Property

From Will Wilkinson:

I found this little thought experiment, inserted by a Forbes editor into an interview with Amartya Sen, pretty peculiar.

[Note: In the book, Sen describes a problem of divergent views on justice in which you have one flute and three children who want it. One child wants the flute because she knows how to play it, the second one wants it because he is poor and doesn’t have toys, and the third one says she made the flute, so she should get it. Who do you give it to?]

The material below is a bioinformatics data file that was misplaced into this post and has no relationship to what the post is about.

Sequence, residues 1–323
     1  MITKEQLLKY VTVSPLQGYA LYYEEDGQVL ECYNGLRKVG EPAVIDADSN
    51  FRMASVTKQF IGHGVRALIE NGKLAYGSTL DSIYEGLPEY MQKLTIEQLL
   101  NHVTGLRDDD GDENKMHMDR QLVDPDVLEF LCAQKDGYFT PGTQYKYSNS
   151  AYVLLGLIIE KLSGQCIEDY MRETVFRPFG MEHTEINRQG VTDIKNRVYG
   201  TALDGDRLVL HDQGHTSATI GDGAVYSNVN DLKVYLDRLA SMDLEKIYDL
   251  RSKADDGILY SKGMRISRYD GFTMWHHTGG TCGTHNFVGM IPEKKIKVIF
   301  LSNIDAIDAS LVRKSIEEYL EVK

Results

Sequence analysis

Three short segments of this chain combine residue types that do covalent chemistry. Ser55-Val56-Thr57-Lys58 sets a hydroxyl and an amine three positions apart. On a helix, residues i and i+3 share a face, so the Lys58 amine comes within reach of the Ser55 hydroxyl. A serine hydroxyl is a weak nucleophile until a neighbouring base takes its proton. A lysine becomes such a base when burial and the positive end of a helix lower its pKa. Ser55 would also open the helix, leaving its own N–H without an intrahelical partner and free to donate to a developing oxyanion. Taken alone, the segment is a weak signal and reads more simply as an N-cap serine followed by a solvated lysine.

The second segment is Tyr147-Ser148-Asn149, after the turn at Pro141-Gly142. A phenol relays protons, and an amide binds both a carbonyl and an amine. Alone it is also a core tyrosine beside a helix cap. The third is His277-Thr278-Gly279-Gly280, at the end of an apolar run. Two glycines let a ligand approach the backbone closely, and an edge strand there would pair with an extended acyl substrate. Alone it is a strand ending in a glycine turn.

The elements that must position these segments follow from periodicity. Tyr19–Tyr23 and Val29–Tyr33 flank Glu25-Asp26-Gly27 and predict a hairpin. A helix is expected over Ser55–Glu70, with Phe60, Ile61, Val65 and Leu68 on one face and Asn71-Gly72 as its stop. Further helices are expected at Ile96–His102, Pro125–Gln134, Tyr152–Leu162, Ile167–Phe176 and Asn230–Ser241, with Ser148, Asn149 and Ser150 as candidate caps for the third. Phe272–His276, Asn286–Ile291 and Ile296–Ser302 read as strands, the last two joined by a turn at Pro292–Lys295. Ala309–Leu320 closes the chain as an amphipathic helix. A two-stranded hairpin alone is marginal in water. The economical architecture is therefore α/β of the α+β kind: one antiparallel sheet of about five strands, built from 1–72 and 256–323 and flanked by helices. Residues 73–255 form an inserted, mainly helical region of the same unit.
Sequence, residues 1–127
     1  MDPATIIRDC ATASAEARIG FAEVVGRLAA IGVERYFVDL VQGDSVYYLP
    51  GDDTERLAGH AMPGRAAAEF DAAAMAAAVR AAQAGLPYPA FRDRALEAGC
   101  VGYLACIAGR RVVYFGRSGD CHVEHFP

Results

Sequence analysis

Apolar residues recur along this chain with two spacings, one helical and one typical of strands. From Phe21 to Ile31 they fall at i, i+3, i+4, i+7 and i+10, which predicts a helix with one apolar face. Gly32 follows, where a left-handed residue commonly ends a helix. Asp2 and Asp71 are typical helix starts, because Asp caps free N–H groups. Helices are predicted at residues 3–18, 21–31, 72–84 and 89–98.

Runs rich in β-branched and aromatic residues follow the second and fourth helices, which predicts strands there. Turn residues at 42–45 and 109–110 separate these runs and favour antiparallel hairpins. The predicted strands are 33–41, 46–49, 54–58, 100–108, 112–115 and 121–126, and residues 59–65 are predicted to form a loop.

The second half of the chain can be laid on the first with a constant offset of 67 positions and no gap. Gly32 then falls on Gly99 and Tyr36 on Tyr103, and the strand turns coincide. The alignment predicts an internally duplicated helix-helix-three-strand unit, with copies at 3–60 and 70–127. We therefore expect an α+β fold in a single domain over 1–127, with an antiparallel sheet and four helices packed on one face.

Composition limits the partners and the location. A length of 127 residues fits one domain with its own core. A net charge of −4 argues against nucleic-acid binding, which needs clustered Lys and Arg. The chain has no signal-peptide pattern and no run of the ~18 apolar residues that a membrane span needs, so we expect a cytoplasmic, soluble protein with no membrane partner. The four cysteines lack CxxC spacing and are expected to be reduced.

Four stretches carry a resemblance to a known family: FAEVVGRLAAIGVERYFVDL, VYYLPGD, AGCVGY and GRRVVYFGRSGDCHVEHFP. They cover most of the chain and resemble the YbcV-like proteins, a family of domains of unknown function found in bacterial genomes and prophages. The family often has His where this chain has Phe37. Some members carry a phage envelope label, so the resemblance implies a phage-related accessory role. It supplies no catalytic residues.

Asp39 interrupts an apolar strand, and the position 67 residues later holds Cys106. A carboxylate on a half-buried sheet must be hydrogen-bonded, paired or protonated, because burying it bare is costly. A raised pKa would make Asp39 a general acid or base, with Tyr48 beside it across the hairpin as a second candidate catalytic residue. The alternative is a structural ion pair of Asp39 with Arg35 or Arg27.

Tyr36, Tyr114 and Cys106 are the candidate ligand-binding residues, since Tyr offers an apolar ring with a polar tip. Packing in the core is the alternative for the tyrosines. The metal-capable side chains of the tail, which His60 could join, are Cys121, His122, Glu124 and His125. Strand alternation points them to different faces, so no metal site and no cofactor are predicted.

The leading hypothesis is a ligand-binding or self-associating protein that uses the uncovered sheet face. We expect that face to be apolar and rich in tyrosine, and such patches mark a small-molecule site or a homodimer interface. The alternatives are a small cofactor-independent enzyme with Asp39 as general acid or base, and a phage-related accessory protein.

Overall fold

This is no knock against Sen, since there’s probably more context in the book. But this is not really such a puzzling question, is it? The correct answer is: It all depends on how “you” ended up with the flute!

Is the flute yours because you provided the materials (which were yours) and paid the kid who made it? If so, you can give it to anyone you want, or you can keep it. It’s yours! Did you steal it from the kid who made it? Then you should give it to the kid who made it. It’s hers! You’ve got no right to redistribute her flute.